Nancy Bubel suggests that the tiny cold-loving seedlings like these lettuces can handle the stress of transplanting better than their bigger siblings, and I agree with her.  It is a bit of a tease pulling these little things out of their crowded pots but the longer I wait the more tangled their roots become.  The stems, likewise, on older seedlings are taller and weaker and thus are more prone to damage.  I simply pry the entire plant out of its cottage-cheese cup with a screwdriver and lift it gently by its leaves to plant it in a waiting hole drummed into the bed with my handy dibber.  The hole is about 2″ deep, as are the roots; the plants are maybe an inch tall above ground.

More false spring

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Sunday, and today

The warmup continues here.  The heat is off, and it was in the low 60s last night at the time supper was ready to be eaten:  I was seriously tempted to set up a  table outside.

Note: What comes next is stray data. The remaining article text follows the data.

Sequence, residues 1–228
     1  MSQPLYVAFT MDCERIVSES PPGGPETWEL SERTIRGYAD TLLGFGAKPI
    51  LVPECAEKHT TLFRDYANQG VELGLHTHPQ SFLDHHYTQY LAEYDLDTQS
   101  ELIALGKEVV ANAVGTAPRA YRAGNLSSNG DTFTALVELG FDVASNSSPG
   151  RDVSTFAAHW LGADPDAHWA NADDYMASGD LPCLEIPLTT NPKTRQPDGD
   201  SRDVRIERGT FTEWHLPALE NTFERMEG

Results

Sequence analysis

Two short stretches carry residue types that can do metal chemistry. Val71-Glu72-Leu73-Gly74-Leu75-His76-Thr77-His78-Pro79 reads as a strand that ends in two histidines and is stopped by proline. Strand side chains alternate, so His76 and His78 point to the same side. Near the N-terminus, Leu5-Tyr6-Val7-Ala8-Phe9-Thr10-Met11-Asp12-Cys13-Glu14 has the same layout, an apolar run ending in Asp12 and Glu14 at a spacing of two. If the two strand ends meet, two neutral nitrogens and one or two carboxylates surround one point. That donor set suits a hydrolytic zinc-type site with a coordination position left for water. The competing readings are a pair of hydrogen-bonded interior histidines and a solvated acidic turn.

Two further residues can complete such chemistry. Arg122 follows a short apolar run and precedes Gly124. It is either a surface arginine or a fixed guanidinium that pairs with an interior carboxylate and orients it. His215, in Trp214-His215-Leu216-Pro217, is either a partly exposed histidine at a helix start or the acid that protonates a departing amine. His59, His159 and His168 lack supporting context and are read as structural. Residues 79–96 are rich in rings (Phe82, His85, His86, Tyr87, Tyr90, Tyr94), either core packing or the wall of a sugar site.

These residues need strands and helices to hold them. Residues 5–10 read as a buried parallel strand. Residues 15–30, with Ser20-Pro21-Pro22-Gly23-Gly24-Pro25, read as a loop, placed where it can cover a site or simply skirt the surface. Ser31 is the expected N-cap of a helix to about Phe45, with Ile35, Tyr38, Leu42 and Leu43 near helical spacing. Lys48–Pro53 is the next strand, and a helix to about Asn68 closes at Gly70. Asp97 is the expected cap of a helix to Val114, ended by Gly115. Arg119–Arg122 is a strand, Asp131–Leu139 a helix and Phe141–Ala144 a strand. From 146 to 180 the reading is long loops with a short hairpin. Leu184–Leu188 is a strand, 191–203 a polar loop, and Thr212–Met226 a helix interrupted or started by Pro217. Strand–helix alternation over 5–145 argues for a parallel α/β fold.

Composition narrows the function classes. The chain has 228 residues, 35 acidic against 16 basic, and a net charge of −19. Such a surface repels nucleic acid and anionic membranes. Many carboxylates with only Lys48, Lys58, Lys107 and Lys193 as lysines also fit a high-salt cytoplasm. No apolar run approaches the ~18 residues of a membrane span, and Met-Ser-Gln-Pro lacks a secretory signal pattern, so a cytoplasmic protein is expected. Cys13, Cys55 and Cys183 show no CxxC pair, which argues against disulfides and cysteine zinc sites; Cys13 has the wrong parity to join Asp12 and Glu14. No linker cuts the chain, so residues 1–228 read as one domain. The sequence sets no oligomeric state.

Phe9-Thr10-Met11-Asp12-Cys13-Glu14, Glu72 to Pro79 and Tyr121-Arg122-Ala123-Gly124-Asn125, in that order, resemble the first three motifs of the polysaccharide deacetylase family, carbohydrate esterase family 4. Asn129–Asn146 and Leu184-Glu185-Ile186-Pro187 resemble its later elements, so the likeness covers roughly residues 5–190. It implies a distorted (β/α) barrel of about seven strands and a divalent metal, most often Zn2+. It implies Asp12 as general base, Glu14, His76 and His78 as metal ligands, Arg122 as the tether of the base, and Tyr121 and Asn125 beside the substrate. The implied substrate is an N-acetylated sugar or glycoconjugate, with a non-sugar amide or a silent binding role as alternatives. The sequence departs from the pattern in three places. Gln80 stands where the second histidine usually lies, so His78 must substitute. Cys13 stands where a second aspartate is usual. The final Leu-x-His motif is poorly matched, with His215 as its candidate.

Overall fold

img_0449Front to back: Maggie, Pauline and Bloody Beatrice working the Three Sisters beds

Everyone is stir-crazy.  All the chickens escaped their pen and–don’t knock the bird-brain–ran right into the garden 100′ away.  I had no idea they were out, and, rounding the corner to see the garden, I thought I’d been hit by a plague of rabbits or something.  Nope; just chickens.  Worms are easily found below the mulch on the tops of the raised beds.

You know, though, it’s lots easier to get your chores done when you can actually feel your fingers.  I got lots of outdoor work done (fence-fixing, repairing the coop door, compost-turning) and it felt really great.  Surely this warm weather won’t last, but it was nice to visit.

On warmups